Sure there’s all the killing and all the other subversion of societal “norms” one could imagine, but all that is done within the context of maintaining a structured and orderly, albeit somewhat illicit, motorcycle club. And clubs, especially those that are guided via vote and majority rule like the SAMCRO is (if you aren’t an SOA fan, you’re probably just as confused about the meaning of SAMCRO as I initially was when I first started watching the show…if you want to know what it means, ask Mr Google like I had to), represent anything but anarchistic ideals.

Clubs, especially those of the motorcycle variety, do not represent anarchy, they represent democracy and freedom.

And democracy and freedom, damn it, represent America!

Yes, the Sons of Anarchy, with its British leading man, and its British-owned storyline, and its Irish Republican Army and Mexican Drug Cartela dependencies and connexions–er, connections, is about as American as any television series could ever strive to be…

Or not to be.

Uhm, yeah…

Oh well, I tried.

While my dubious and corny conclusion may be in question, there is no question that, with Sons of Anarchy, Hollywood has served up yet another feast of a show for us turkeys to feed upon in our unending quest to fill our insatiable viewing appetites.

And for that, I also am thankful.


Rating System:
★ = Unwatchable
★ ★ = Poor Show
★ ★ ★ = Average Show
★ ★ ★ ★ = Outstanding Show
★ ★ ★ ★ ★ = Exceptional Show

Punching the Clown [and it feels so good]

RATING: ★ ★ ★ ★

“Punching the Clown” is sharp cut on life that’s both poignant and funny in a if Weird Al Yankovic were a struggling folk singer kind of way.

Because I dislike searching endlessly for something to watch, I’ll often choose a movie at random and give it go, which is how I ended up watching this surprisingly good indie flick on Netflix. It must have been because I certainly didn’t choose to watch it for its star power, seeing how I had never heard of any of its main actors before (or since) I watched it.

Still, I think you should watch it, too, for it is one of those so-called – and I apologize in advance for my blatant use of a cliche but I’m feeling a bit lazy today as is further evidenced by the brevity of this review – “hidden gems” of a movie deserving of a wide audience.



Rating System:
★ = Unwatchable
★ ★ = Poor Movie
★ ★ ★ = Average Movie
★ ★ ★ ★ = Outstanding Movie
★ ★ ★ ★ ★ = Exceptional Movie



by Jonathan Franzen

RATING: ★ ★ ★ ★

Jonathan Franzen
Jonathan Franzen

In 2001, after reading all the hype and controversy, as well as the fawning reviews of Jonathan Franzen’s THE CORRECTIONS, I thought to myself that I need to read this new It Author and made plans to rush out and buy the book. But for some reason I never did and I soon forgot about both the book and the author. I must confess, I’ve always had a hard time keeping up with literature’s contemporary writers. Heck, I have a hard enough time just trying to chip away at all of the classic literary must reads that are out there and, because I never really feel like I’m reading enough, I live with a constant feeling that I’m always a bit behind in life. Perhaps I need some couch time with Dr. Phil.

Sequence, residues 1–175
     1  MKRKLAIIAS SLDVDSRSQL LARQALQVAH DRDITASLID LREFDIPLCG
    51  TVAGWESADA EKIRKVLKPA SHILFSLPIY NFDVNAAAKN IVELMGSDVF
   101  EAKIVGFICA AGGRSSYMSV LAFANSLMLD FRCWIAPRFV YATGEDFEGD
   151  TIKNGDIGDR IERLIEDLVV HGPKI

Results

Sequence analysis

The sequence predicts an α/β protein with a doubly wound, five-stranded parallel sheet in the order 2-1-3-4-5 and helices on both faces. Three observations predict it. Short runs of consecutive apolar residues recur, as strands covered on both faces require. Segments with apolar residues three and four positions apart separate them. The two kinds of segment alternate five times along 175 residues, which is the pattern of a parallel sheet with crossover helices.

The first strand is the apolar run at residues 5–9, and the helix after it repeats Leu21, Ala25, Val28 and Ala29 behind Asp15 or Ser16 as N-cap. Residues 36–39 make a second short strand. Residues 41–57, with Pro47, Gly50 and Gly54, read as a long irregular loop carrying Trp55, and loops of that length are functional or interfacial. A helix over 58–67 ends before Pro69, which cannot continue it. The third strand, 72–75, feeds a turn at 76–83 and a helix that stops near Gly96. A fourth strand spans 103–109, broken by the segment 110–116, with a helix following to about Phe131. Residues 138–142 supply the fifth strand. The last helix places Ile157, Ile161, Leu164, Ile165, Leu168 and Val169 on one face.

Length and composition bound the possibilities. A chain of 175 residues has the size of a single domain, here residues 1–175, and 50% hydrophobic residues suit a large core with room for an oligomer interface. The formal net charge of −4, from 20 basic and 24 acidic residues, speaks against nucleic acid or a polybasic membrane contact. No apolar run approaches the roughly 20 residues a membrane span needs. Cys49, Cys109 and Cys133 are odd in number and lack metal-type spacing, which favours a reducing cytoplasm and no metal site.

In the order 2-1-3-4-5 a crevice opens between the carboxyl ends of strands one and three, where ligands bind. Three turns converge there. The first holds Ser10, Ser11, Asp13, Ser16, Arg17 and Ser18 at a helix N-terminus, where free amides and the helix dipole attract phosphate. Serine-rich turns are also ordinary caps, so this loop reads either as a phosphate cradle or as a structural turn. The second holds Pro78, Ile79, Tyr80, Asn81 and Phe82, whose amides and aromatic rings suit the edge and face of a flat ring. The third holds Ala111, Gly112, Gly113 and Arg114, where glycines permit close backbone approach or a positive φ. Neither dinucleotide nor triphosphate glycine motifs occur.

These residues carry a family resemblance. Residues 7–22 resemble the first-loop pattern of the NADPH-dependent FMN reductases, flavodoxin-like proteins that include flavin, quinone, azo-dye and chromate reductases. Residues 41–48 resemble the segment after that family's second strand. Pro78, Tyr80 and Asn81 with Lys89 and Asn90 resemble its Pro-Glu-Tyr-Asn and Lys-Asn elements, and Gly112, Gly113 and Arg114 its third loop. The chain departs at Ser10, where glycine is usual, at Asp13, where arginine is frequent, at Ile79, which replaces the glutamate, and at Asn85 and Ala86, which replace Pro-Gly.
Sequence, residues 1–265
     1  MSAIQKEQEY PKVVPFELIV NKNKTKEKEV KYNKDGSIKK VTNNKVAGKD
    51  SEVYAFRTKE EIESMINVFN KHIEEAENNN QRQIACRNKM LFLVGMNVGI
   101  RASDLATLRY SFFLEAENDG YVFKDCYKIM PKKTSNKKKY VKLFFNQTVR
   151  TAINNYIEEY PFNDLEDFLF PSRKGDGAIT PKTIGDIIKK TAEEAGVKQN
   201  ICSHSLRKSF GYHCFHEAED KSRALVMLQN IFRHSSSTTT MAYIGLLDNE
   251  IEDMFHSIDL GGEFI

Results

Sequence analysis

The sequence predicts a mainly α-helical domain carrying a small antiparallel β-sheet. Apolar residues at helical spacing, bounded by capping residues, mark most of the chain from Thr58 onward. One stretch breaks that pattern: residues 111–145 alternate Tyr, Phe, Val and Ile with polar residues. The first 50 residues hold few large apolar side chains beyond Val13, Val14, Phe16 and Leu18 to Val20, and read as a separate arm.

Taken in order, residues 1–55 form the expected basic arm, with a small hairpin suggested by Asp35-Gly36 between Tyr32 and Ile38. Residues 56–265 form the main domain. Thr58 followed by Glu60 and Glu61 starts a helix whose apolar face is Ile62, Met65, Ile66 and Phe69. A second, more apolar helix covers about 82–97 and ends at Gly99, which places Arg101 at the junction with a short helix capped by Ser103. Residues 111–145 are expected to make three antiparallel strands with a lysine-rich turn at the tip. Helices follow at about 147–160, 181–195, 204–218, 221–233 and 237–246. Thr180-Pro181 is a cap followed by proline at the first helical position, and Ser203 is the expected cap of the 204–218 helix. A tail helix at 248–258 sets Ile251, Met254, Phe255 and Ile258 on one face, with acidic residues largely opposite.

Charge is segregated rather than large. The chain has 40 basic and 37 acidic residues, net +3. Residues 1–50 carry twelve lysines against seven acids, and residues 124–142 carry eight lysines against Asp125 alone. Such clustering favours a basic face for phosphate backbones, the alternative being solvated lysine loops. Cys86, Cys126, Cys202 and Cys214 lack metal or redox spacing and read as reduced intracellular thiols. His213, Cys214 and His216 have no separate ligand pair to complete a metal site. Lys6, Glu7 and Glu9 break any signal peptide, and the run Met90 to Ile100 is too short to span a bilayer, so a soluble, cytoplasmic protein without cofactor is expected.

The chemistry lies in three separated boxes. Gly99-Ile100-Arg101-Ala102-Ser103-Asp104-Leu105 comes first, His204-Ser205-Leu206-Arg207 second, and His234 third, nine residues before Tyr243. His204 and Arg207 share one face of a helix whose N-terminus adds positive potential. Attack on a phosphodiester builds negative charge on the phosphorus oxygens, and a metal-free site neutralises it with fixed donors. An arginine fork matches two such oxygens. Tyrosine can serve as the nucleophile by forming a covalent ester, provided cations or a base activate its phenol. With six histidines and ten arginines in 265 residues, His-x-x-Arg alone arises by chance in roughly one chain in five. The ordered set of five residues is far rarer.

I do remember thinking to myself somewhere around mid-decade that there was once some writer that I really wanted to read, but I just couldn’t remember his name no matter how hard I tried. However, after reading the gushing reviews of Franzen’s long-awaited book FREEDOM, I finally remembered that it was his book THE CORRECTIONS that I had wanted to read so long ago. So, with that euphoric feeling of finally remembering something that had been on the tip of my tongue for a decade, I immediately rushed out to get a copy of THE CORRECTIONS before I forgot about it once again.

I got it, I read it, and yes, I agree Jonathan Franzen is an amazing writer. He deserves all of the hype he has received. And, perhaps because he has been placed in a category of elite writers few have or will every reach, maybe he even deserves the hostility and parodying that he has also received…or maybe I’m just jealous. Man, woman, or beast, whoever can write like Franzen can deserves to be the It Author of the decade in my opinion.

There are many better reviews about THE CORRECTIONS out there than I could ever write so all I’ll say is that the book is a sad, funny, and often psychologically wrenching story about a dysfunctional Midwestern family where, like the inevitable and often unexpected, and sometimes shattering, corrections that stock markets suffer from when they become unnaturally distorted or bloated, each member of this scattered and failing family is in need of his or her own life correction.

Coupled with his fluid writing style, perfect dialogue, and his ability to weave into the story his broad knowledge of the general mechanics of life in general, Franzen continually blew me away with his deep understanding of all the many different flavors of human nature and personality types. You will have to read the book to understand what I’m talking about here. He’s good.

The biggest fault of the book is perhaps a result of just how good Franzen is. He had so much to say that at times the story overwhelmed me with too much background and too much delving into the whys and hows the characters had turned out like they did. From time to time, I had to take a break from the book and walk it off.